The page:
Cheers, Robin

  4. Yikes!!! The writing examples that the author holds up here as “good” is the typical mumbo jumbo lyric crap that (after they find out you’re a musician) you get from people who don’t play an instrument and can’t sing but fancy themselves a “songwriter” and want YOU to put their masterpiece to music. ” pulled on your Titans T-shirt
    And breathed a memory of summer” ? Good Lord! I’d be embarrased to claim that lyric as my own.

    Write from your heart and your gut and you’ll get it right. Avoid this sort of dribble!

      1. So, who do I listen to? The staff writer at Zomba who has had charting success? Or the nobodies in the comment section who haven’t achieved jack sh*t. Wow…that’s a hard choice.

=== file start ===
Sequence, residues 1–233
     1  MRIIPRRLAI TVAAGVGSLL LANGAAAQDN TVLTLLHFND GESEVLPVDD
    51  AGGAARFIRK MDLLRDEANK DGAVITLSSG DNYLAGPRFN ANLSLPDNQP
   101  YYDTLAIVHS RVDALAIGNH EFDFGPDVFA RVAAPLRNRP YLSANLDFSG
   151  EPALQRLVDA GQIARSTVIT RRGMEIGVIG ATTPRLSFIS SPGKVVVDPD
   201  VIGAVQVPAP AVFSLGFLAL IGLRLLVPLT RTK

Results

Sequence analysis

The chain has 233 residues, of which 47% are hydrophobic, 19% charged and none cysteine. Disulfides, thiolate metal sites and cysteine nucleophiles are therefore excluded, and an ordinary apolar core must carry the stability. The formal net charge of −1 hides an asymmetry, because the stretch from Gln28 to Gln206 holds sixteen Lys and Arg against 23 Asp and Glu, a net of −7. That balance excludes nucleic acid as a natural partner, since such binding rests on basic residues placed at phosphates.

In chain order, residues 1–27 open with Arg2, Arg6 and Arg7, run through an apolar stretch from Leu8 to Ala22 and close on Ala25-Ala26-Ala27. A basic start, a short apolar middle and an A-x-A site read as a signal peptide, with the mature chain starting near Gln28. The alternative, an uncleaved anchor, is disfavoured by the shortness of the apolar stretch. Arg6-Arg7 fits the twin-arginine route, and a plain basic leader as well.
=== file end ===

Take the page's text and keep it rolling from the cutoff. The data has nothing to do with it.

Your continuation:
1. I think the intent was to make the example blaringly obvious to someone who might be a tad slow on the uptake. And let’s face it, there are a lot of listeners out there that just don’t get “subtle”.

      Having said that I’m glad it’s not just me finding it hard to appreciate the examples.

  5. I write songs and poems as a hobby. I’ve been doing this for years and I’m quite old now, but still enjoy it. When I write a song, it just seems to come out of me along with a tune. I can’t play guitar that well, but I can play the tunes that I write (note by note). I usually tell people that I’m an idea man, not a songwriter. My songs are more old style country, but I guess some could be considered just novelty songs. I did co-write a song with a friend who is a lot better songwriter than I am, but I’m the one who came up with the idea and a lot of the verses. I also told him to make it a country waltz. He’s a good singer and guitar player as well as a good songwriter. He contributed some lyrics, the bridge, and the music.